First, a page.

Patent application title: Biodegradable Expanded Polystyrene Foam And Method For Its Production
Michel Serge Maxime Lefebvre (Kurrajong, AU)
SAFEPS PTY LTD.
IPC8 Class: AC08J9224FI
Class name: Hollow or container type article (e.g., tube, vase, etc.) polymer or resin containing (i.e., natural or synthetic) foam or porous material containing
Publication date: 2012-11-29
Patent application number: 20120301648
There is disclosed unexpanded or pre-expanded polystyrene beads
electrostatically coated with a media capable of supporting the growth of
bacteria which assist in the decomposition of the polystyrene. There is
also disclosed methods of making the beads, a method of making an
expanded polystyrene foam and an expanded polystyrene foam prepared by
1. Unexpanded or pre-expanded polystyrene beads electrostatically coated
with a media capable of supporting the growth of bacteria which assist in
the decomposition of the polystyrene.
2. A method of making the coated unexpanded or pre-expanded polystyrene beads according to claim 1, the method comprising electrostatically coating unexpanded or pre-expanded polystyrene beads with a media capable of supporting the growth of bacteria which assist in the decomposition of the polystyrene.
3. The method according to claim 2 wherein the electrostatic charge is controlled by adjusting the moisture content of the media.
4. A method of making an expanded polystyrene foam comprising expanding the unexpanded or pre-expanded beads of claim 1 under heat to form an expanded polystyrene foam.
5. The method according to claim 4 wherein the expansion is conducted under steam.
6. An expanded polystyrene foam prepared by the method of claim 4.
7. The expanded polystyrene foam according to claim 6 in the form of a biodegradable disposable cup.
8. The method according to claim 4 wherein expanding is conducted in a mold.
9. The expanded polyurethane foam according to claim 6 wherein the expansion is conducted under steam.
10. The beads of claim 1 wherein the media comprises a polyamide.
11. The beads of claim 1 wherein the media is in the form of microparticles or a powder.
12. The beads of claim 11 wherein the powder has a particle diameter of 5 to 50 microns.
13. The beads of claim 1 wherein the media has a diameter at least 20 times smaller than that of the beads.
 The present invention relates to a biodegradable expanded polystyrene foam and a method for its production. The present invention also related to coated polystyrene unexpanded or pre-expanded beads suitable for the production of the biodegradable expanded polystyrene foam.
BACKGROUND OF THE INVENTION
 The information provided herein and references cited herein and later in this document are provided solely to assist the understanding of the reader, and do not constitute an admission that any of the references or information is prior art to the present invention.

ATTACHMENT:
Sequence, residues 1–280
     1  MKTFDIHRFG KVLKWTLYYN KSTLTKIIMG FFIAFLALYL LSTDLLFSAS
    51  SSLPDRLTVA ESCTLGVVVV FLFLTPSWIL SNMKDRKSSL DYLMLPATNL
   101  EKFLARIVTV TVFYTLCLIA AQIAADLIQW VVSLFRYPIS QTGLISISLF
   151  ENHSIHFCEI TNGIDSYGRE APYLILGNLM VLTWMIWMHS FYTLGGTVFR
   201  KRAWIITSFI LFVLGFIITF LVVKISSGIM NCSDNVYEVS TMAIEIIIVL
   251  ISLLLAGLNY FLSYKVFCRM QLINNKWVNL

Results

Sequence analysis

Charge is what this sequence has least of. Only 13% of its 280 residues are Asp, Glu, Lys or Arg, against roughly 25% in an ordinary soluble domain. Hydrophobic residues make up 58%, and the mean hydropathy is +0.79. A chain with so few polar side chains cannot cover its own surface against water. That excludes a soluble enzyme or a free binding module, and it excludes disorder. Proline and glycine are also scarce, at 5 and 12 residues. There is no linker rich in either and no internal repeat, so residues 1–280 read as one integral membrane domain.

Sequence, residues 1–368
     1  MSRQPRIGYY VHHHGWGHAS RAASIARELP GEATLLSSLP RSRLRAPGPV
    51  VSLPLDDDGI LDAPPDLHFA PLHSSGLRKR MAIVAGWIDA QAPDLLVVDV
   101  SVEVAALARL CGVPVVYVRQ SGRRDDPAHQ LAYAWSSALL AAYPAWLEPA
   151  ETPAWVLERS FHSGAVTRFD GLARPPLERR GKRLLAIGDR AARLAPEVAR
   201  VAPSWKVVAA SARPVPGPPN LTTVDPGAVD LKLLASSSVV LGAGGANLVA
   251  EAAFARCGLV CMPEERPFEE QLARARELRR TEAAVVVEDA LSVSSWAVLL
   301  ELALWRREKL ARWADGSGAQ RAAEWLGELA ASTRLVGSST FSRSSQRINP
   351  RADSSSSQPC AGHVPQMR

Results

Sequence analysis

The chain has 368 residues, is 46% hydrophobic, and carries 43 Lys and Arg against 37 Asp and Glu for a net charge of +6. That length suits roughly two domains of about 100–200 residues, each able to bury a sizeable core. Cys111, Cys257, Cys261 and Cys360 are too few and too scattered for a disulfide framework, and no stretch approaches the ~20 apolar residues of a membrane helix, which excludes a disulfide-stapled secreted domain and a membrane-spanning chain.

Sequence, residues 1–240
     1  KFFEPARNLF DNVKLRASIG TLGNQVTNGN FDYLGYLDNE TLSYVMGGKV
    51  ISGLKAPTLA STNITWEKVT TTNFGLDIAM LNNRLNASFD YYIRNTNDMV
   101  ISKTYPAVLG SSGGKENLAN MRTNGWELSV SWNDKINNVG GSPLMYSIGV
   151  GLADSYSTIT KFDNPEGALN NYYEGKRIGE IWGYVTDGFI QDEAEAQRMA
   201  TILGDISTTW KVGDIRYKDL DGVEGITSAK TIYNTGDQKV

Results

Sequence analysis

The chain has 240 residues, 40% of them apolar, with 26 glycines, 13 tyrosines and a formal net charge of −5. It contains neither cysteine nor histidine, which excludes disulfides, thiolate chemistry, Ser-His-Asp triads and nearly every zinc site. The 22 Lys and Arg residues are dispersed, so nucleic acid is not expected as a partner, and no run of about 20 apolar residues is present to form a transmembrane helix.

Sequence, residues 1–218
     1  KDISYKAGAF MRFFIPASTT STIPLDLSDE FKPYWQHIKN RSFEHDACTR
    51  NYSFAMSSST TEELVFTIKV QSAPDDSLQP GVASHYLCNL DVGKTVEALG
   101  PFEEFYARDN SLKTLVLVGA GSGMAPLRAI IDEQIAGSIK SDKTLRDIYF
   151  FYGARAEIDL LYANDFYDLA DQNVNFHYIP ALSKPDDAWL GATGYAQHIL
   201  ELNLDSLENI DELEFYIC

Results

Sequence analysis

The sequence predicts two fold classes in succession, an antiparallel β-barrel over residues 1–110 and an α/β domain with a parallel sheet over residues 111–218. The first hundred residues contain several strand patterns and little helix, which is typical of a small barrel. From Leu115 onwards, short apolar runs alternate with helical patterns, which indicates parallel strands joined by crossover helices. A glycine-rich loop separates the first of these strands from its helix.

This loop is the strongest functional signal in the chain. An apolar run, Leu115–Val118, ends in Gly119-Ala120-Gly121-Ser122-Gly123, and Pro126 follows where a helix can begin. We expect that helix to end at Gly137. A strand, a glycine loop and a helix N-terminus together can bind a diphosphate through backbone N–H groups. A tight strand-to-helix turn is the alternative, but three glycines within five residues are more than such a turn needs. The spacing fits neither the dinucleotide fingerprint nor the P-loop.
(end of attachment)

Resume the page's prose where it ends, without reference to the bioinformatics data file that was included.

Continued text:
Synthetic polymeric foams such as expanded polystyrene (EPS) are used widely in both industry and home, for example in flotation devices, insulation, boxes, plates and disposable cups. EPS is a thermoplastic closed cell, light weight, rigid form plastic, having the advantage of low thermal conductivity, high compressive strength, excellent shock absorption and the ability to support many times its own weight in water. EPS is typically made by a suspension polymerisation process in which styrene globules (suitably prepared by combining ethylene and benzene in the presence of a catalyst) is suspended in water and polymerised under heat using an initiator to form tiny, hard polystyrene beads. The polymerisation process is terminated once a polymer chain of the desired length is formed. The tiny, hard polystyrene beads are then expanded to produce the EPS product. To produce a smooth-skinned expanded polystyrene foam, prior to expansion the beads are suitably pre-expanded by heating the polystyrene either with steam or hot air to dramatically reduce their density. Blowing agents such as propane, pentane, methylene chloride or CFC's are suitably used. The resulting beads are then typically allowed to cool and harden and the beads then fed into a mold of desired shape. Low-pressure steam is then suitably injected into the mold further expanding the beads resulting in fusion of the beads and formation of the final product.
 Polystyrene foams provide numerous benefits but suffer from the disadvantage that they pose a significant environmental disposable problem due to their xenobiotic nature and toxicity. Even in cultivated soils containing a wide range of fungi, microbes and invertebrates, degradation of polystyrene is less than 1% after 90 days with no significant increase in degradation after this time (David L. Kaplan, Roy Hartenstein and Jim Sutter. Biodegradation of Polystyrene, Poly(methyl methacrylate), and Phenol Formaldehyde. Applied and Environmental Microbiology, 1979, p 551-553).
 Recently, additives capable of undergoing oxidative degradation (such as polysaccharides) have been added to the base resin. These additives have resulted in faster degradation than untreated products with a break-down of products into singular cells but without true biodegradation of the remaining polystyrene resin as the additives only weaken the bonds between the cells.